While brushed motors are not as efficient as the newer brushless motors, they are simple, cost-effective to manufacture and make up the staple of the value range of the power tool industry.

The brushes, where the brushed motor gets its name from, conducts electricity from the battery to the commutator. The commutator acts like an electric switch, changing the eletromagnet polarity which acts against the external fixed magnets to push or pull which in turn creates a rotational motion. Typically, the brushes in a brushed motor are typically made of carbon as carbon is conductive, fairly soft and will wear before the metallic fingers on the commutator.

As the carbon brushes are pushed against the commutator with a spring, the more you use your tool or the faster your tool spins, the faster the carbon brushes wears out.

Fortunately, most manufacturers have made provisions for ease of brush replacement with easy-to-access caps located on the sides of a power tool. While some tools have quick-access ports, others require that you completely remove the tool housing to access the brushes. Either way, the method are the same - remove the worn out brushes and replace with a fresh pair.

A new pair of replacement brushes typically sells for around RM10 per pair but depending on tool models, they can sometimes go up to RM50 per pair.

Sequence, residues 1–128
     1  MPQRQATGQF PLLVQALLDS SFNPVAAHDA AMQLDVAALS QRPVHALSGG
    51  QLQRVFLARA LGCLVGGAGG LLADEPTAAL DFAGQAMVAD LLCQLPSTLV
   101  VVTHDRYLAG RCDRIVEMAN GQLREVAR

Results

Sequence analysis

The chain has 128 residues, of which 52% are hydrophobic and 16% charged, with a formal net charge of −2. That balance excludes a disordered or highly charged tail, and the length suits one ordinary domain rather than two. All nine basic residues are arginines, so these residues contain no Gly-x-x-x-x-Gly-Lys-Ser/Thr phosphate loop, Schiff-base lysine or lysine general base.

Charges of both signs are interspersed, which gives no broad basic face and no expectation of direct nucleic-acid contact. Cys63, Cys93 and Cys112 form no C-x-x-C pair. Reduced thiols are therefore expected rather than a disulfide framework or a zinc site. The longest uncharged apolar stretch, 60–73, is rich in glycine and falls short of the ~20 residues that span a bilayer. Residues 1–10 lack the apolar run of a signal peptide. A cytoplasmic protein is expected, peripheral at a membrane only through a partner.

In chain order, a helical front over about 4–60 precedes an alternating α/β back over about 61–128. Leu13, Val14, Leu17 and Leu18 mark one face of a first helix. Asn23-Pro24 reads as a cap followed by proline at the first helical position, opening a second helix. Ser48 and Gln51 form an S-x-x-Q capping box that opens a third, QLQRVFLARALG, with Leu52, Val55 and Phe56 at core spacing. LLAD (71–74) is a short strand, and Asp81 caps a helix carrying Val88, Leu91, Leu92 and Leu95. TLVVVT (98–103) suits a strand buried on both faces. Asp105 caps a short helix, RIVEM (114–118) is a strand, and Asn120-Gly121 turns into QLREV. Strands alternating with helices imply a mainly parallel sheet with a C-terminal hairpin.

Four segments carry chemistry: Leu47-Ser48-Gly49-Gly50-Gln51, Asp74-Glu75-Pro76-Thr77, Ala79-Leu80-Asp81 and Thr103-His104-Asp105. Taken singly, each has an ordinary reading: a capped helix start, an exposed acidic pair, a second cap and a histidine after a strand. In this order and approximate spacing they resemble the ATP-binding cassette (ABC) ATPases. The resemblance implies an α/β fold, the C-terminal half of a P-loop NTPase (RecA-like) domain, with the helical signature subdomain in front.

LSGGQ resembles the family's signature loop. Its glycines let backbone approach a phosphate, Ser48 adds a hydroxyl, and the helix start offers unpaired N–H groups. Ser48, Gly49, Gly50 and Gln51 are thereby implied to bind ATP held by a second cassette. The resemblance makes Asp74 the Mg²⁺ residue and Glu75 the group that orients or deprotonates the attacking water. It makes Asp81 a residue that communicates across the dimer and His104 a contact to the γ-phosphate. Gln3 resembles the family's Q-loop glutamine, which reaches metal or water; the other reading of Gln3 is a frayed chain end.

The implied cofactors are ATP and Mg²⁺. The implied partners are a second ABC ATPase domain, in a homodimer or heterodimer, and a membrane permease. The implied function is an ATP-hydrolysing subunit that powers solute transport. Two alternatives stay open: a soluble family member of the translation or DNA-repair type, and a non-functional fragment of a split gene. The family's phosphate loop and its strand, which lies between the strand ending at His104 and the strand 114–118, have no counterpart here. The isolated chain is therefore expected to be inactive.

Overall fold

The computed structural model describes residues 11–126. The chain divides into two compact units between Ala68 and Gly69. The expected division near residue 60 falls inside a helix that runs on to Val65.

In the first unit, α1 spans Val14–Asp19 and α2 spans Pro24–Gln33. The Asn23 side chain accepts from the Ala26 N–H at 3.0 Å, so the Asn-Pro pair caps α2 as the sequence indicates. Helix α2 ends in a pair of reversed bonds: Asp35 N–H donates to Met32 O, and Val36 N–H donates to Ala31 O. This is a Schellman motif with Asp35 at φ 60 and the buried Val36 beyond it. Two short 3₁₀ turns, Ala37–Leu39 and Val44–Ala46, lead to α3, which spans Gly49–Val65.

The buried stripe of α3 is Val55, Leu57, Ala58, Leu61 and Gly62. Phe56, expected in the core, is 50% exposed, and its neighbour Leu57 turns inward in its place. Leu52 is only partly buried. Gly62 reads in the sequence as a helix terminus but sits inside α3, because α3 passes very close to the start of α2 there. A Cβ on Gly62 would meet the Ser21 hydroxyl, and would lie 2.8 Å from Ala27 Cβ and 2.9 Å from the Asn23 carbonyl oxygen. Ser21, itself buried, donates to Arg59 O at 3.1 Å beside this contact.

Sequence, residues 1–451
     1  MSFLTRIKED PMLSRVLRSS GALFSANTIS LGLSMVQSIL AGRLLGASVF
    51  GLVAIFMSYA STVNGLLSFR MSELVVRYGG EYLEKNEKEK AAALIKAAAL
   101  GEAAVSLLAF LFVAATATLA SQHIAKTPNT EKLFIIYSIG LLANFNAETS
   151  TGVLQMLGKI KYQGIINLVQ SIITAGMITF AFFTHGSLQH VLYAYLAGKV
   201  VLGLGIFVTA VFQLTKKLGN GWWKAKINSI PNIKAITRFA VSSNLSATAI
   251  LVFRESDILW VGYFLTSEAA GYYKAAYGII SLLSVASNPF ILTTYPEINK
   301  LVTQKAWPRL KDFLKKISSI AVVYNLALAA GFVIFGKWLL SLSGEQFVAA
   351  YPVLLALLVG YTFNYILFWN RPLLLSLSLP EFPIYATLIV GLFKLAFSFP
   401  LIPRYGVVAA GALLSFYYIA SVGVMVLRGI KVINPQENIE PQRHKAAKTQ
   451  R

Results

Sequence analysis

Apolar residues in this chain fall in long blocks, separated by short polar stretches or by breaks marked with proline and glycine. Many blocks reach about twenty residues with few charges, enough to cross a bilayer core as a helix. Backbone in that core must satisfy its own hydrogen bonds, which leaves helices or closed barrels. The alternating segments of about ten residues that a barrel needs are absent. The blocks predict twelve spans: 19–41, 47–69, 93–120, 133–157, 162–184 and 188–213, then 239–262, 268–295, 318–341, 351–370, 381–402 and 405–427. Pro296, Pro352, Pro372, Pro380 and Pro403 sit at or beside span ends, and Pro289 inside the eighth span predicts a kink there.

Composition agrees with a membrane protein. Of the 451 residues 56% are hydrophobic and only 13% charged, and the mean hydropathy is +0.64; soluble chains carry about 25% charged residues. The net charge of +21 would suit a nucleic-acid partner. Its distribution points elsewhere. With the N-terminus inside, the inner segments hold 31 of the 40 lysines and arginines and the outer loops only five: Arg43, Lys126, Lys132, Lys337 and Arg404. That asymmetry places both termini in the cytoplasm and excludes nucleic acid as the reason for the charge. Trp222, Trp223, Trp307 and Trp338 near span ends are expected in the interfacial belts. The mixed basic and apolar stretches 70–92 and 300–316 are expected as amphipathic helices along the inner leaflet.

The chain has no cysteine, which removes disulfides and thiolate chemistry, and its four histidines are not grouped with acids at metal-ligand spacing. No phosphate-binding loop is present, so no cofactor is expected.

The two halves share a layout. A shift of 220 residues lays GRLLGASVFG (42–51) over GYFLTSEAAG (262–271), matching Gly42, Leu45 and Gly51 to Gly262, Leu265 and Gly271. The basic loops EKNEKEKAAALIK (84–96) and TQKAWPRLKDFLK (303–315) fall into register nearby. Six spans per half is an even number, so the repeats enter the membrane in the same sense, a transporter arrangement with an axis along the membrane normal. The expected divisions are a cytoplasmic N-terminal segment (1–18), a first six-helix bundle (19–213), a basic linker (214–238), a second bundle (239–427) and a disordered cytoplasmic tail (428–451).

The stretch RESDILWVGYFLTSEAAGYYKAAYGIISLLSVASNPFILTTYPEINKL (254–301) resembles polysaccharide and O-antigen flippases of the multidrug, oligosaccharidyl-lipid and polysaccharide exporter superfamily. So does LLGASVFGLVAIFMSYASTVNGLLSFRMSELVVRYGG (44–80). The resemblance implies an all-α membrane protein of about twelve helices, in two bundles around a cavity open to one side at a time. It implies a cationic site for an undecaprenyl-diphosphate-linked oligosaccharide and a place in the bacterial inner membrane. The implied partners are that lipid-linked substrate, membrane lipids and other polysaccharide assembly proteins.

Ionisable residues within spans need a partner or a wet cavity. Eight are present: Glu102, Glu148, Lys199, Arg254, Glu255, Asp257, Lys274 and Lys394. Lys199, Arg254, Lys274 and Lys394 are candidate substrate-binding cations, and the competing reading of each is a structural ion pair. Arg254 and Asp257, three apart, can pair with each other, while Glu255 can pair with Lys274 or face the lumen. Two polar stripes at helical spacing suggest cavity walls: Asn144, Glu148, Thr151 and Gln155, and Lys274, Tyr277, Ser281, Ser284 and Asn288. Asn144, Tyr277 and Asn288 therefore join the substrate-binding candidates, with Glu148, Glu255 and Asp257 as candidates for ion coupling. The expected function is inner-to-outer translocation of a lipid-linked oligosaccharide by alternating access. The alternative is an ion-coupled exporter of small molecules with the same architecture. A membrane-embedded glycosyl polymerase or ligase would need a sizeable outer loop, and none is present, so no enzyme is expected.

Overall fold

In this example, we'll be using the Bosch GSB 180-LI Professional. To perform this service, you'll need a coin, a small pick or a pair of needle-nose pliers and new brushes. Coincidentally, the recently-issued Malaysian 10 Sen coin fits perfectly in the GSB 180-LI. Do not use a flat-head screwdriver as the smaller size of the flat-head will leave marks on the plastic end-caps.

With the cap off, you should see the back of the brush. The worn brushes should slide out without much resistance but if they are somewhat reluctant to come out, gently pry or pull on the tabs of the worn brush with a small pick or a pair of needle-nose pliers.

With the brushes out, you may optionally choose to lightly blow out the remaining carbon dust with an air gun before reinstalling a new carbon brush, they'll only go in one-way, replace the cap and you're done!

Tip: You can continue to use your brushed power tool until the brushes wears out - when the brushes no longer contact the commutator, it would naturally stop. Just make sure you have your replacement brushes handy! You could also regularly inspect the brushes or blow out the carbon dust. But it's often not necessary.